30 Aug Derwentwater – Our ‘Queen of the Lakes’
Derwentwater is a big part of what makes our little town of Keswick such a special place to live and visit. Surrounded by woodland and soaring peaks, it’s one of the most magnificently beautiful places in the whole of the Lake District. We’ve all been talking about it recently as all this hot weather has made it lower than it’s been in years. With that in mind, here are some facts about our favourite water!
The Lake itself is (usually!) three miles long and a just over a mile wide. It’s the third biggest body of water in the region and it’s fed and drained by the river Derwent. Derwentwater is a shallow lake. It’s only seventy-five feet deep at its deepest point and only 15 feet on average which is due to silt being washed down into it by seasonal floods over the centuries – this also means it is usually the first lake to freeze over in the winter.
Derwentwater has four islands; Derwent, Lord’s, Rampsholme and St. Herbert’s.
The biggest island on the Lake is St Herbert’s which is right in the middle. It’s named after the saint who brought Christianity to the region in 685 and who used the island as his hermitage (maybe he was hiding from all the pagans?) St Herbert made his way into Cumbria from the famous Lindisfarne Abbey in Northumbria and after his death the island became a pilgrimage hotspot. You can still see the remains of the little hermit house today.
Lord’s Island was, funnily enough, the island that the local lord – Earl in truth – lived on. There was a grand house and drawbridge dating back to 1460 but it sadly fell into ruin and only foundations remain today.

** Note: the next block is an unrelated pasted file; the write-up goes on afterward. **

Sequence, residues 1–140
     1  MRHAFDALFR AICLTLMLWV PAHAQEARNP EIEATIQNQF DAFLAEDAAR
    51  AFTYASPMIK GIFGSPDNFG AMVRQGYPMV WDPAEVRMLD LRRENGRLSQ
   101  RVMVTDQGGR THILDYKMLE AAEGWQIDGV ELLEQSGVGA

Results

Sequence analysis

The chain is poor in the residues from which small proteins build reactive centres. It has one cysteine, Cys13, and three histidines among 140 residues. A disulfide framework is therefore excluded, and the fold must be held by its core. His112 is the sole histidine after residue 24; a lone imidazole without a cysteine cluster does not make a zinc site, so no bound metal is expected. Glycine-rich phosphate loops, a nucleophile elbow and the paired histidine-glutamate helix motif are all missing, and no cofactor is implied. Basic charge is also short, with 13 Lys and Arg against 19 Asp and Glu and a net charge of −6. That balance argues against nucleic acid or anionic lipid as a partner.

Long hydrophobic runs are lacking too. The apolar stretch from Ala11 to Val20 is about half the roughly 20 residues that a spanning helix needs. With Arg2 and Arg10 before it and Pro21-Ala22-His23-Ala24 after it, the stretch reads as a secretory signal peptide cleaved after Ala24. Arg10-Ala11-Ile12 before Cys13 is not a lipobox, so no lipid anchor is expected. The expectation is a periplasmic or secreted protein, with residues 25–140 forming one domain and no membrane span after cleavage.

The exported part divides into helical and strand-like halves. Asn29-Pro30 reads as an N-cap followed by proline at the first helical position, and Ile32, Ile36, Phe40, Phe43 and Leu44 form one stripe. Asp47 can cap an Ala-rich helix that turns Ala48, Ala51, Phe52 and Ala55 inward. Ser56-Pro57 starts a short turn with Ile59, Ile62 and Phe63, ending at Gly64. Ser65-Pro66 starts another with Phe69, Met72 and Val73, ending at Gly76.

Rampsholme doesn’t have much history of note, but its name tells a tale of our heritage descending from Old Norse language, meaning ‘Wild Garlic Island’.
Derwent Island is the most visited island these days and also has a religious history as it was once owned by the monks of Fountains Abbey. Today it’s home to the Derwentwater House which the public can visit on various open days though out the year.
The island like much of the surrounding land is owned by The National Trust – the lake was actually one of the first acquisitions the Trust ever made. The nearby Scafell Pike was donated to the trust in memory of the men of Cumbria who fell in the First World War and Grange Fell near Borrowdale was given to the trust by Queen Victoria’s daughter, Princess Louise in memory of her brother, King Edward VII.
We thoroughly recommend the walk right around the Lake, which is 10 miles of pure viewing pleasure – don’t forget to look out for the local wildlife! And of course you can enjoy putting your feet up afterward with a nice cup of tea home at Burleigh Mead.